California’s pure water was the source of its beauty, and for that, we can thank the state’s native flora and fauna.
But the state is far from being the only place where this water has been so revered.
The California State University at Long Beach, in its new book Water for People, details a rich, fascinating history of water that stretches back at least 2,000 years.
The book traces how the state was named for the water’s unique qualities, and how the name of a particular creek in the Sierra Nevada has come to be associated with the state.
“The idea of water being pure is one of those magical notions that has grown up around this state,” says Dan Buechner, a professor of history and anthropology at USC and author of Water for Humans: The Ancient Story of the California Desert.
“You know, this is what we call our state’s purer water.”
A History of Water In the early 1700s, California became the first state to allow the public to drink water from the Sierra Nevadas, a water source that’s since been the focus of intense research and conservation efforts.
The water was first used for domestic irrigation, and the state began developing water treatment facilities and aqueducts to treat water.
But this was not enough to satisfy the thirst of the people of the Sierra.
In the mid-1800s, the drought struck and the city of San Francisco began developing its own water supply.
In 1883, the state legislature authorized the construction of a dam that would eventually be known as the Oroville Dam, but the state did not receive the funding it needed.
By 1885, the dam was overbuilt and over-subscribed.
With no money to pay for repairs and no money left to pay the contractors, the San Francisco Water Works Company began constructing the Oroland Dam.
The dam was completed in 1895, and within a few years, the city was water-hungry again.
It was only a matter of time before water started to run out.
When the water did run out, the town of Oroville lost everything.
The population dropped from 500 to about 500 people.
But they didn’t just lose the water they had been drinking.
They lost the people who used the water.
They also lost the land, the crops, the animals, the plants.
And the drought left the city in a precarious position.
“We were in a hole,” says historian David Hays, author of the book Water and People.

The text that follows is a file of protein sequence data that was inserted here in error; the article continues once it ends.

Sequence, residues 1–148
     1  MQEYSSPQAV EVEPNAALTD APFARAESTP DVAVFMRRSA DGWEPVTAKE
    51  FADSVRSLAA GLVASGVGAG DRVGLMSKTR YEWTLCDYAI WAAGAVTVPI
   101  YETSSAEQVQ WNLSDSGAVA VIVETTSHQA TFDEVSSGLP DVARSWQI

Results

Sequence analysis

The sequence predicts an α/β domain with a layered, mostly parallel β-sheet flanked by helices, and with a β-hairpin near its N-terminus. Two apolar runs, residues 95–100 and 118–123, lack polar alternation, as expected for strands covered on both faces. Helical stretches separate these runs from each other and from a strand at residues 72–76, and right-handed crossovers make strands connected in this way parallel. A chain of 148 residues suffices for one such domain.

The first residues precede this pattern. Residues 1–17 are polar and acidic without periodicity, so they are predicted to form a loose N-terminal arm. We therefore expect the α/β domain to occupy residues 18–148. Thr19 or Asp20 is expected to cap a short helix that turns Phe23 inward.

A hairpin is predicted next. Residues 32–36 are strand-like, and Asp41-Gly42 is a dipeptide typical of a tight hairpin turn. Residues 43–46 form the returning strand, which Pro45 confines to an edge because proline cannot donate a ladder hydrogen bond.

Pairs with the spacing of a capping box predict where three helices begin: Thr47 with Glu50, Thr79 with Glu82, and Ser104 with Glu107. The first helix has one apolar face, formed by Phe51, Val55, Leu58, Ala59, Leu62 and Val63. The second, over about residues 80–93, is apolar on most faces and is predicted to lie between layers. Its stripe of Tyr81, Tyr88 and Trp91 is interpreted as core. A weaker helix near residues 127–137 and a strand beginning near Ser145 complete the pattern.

“I mean, how could you not lose something like this?”
The people of Orolinda, located in California’s central valley, used their savings to build a new, smaller, and better-equipped community.
But by the turn of the century, they were experiencing the same problem as their neighbors.
The city was still too small to meet their needs.
They needed water.
In 1898, a drought-related drought forced the city to borrow money from the federal government.
The government allowed them to purchase the water from one of the reservoirs in the San Joaquin Valley and use it for a variety of uses.
The reservoir was the largest of its kind in the world at the time, and was filled to capacity.
The people used their money to purchase their own water and build a water-treatment plant.
This new water treatment plant would eventually become known as The Oroville Reservoir.
The residents of Orovinda could no longer live on the city’s own water, and it was becoming harder and harder to keep the city running.
By the early 1900s, Oroville had become a water purification plant.
The plant would take the water that was coming out of the city and treat it to the correct level.
Then, the water would be pumped back into the city.
Eventually, the plant was completed and the residents of the town could finally return to their water.
This water was pure, clean, and safe.
But that water also had an adverse effect on the environment.
When it flowed through the plant, the treatment process was toxic, according to Hays.
“This water could literally have a toxic effect on people who were drinking it, on people walking through it, and even on the fish that were eating it,” Hays says.
The treatment plants that operated during the Great California Drought were built to treat more than 20 million gallons of water per day.
The state’s drinking water was being used to treat less than 10 million gallons a day.
And even when it did reach people, the process left the water untreated.
In 1904, an earthquake struck the city, and its water treatment plants suffered massive damage.
By 1906, the government decided to start treating water from other sources to reduce the amount of water reaching the public.
In 1927, the Los Angeles Times reported that Los Angeles had become one of California’s most polluted cities, with residents of Watts and other parts of the metropolitan area drinking water contaminated with lead, arsenic, and other heavy metals